>I like this title better than the original title, “It’s the end of Britain as we know it”. My title is not accurate, but neither is CSM’s. However, we are both heading in the same direction.
The European Union is growing closer to becoming “a country” by my estimates. Europe has been evolving towards a “union” since 1950, when the European Coal and Steel Community (ECSC)was established. Later, in 1957, the Treaty of Rome would create the European Economic Community, otherwise known as the Common Market.
In 1973, an additional three countries would join the original six charter members of the ECSC. The ECSC would then become known as the European Union. Greece, Spain, and Portugal would soon follow.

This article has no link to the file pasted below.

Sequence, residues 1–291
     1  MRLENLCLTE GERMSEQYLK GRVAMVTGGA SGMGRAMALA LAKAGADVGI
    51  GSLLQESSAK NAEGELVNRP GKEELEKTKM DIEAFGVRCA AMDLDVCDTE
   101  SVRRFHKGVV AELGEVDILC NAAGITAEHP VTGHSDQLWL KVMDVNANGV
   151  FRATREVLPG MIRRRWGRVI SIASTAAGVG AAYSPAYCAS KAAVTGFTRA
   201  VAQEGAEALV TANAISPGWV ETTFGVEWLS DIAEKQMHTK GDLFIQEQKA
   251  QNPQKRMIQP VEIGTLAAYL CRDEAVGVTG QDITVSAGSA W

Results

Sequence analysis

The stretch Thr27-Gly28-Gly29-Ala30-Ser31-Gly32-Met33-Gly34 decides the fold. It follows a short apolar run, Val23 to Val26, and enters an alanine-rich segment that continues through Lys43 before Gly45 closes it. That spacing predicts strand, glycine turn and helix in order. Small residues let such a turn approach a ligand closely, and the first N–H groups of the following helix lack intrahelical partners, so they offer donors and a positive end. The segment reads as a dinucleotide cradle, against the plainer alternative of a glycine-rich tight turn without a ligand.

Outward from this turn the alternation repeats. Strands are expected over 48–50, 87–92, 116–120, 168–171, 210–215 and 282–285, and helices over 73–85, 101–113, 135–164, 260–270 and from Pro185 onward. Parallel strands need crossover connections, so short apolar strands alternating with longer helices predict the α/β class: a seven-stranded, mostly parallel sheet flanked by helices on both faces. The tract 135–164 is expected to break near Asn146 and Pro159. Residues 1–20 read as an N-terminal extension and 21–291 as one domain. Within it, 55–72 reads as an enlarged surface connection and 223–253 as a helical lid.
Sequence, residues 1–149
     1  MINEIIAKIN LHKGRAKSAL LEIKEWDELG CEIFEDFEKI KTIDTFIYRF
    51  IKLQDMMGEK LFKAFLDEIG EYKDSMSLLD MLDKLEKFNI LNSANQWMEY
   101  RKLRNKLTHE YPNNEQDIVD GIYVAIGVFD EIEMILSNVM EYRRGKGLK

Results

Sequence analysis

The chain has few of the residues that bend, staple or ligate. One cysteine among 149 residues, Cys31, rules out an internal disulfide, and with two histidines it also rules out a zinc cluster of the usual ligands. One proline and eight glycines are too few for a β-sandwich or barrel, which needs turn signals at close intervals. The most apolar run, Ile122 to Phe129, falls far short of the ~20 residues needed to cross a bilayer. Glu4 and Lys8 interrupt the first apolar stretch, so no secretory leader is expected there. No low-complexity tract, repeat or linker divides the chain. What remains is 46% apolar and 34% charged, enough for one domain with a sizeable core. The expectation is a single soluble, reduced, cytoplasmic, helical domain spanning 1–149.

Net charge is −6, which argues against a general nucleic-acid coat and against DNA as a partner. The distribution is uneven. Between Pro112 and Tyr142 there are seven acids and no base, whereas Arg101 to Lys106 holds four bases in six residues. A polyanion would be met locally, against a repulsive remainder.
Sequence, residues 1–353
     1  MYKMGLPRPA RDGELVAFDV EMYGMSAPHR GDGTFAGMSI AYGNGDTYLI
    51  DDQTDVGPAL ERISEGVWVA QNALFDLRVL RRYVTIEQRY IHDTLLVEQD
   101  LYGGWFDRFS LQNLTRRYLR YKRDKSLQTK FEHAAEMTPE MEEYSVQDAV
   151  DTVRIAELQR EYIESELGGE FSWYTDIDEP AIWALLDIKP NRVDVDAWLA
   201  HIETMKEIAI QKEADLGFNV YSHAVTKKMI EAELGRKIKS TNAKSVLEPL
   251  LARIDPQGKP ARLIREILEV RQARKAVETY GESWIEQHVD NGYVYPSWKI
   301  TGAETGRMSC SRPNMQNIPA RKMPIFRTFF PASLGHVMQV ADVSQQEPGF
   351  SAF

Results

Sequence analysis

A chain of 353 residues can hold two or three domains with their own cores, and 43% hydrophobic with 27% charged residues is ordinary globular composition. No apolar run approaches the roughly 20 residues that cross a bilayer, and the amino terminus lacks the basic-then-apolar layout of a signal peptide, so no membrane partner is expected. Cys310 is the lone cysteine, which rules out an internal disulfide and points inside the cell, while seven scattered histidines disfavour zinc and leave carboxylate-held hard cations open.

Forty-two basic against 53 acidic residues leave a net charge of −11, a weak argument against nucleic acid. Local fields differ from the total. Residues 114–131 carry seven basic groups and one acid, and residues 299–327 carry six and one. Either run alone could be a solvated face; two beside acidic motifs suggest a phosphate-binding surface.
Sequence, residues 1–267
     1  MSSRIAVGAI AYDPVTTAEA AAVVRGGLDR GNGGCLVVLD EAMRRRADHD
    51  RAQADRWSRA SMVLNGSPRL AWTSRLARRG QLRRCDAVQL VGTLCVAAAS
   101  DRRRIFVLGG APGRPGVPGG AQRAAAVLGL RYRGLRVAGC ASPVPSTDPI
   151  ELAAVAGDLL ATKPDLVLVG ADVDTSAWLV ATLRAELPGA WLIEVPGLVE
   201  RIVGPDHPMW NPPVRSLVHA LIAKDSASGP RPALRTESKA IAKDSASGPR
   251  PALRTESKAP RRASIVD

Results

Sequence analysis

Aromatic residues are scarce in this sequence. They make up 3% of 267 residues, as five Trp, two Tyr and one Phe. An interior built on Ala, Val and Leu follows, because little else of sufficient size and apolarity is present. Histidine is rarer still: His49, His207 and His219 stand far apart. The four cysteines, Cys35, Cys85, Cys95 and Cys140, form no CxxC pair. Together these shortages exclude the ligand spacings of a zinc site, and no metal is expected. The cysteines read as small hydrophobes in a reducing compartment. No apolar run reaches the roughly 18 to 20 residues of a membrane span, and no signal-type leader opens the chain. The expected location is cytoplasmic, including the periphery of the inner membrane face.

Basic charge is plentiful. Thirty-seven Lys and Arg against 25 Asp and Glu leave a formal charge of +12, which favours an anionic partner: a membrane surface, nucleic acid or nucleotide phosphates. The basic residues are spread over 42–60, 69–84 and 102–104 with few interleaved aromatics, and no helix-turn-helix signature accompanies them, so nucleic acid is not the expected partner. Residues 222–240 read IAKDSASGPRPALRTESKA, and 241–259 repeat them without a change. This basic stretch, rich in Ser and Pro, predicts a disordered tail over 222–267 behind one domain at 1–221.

I don’t mean to provide a chronology here, and I am not going to. For these countries to cooperate serves all European countries. The issues that stand before them are numerous. The reality is that for each country to thrive, each must recognize interdependence on the others. How does a country then thrive in the face of differences? So many languages, different religions, different economic cultures and climates and stages or levels of development.
The European Union seeks to provide such a structure, to encourage growth, yet maintain fair and equitable practices across a diverse region.
In essence, it is almost as if a Federal Republic is evolving across Europe. Each province, e.g. Germany, has autonomy to conduct business, have local elections, etc., but must adhere to EU business rules in the process. Very analogous to our Federal system: our U.S. states are analogs to EU countries. Our states have given sovereignty over to our Federal government, in terms of defense, monetary policy, etc.
In many ways, Europe has been set forth as the ‘grand old man’ of the world. In regards to the EU, the United States has appeared to have been at the forefront.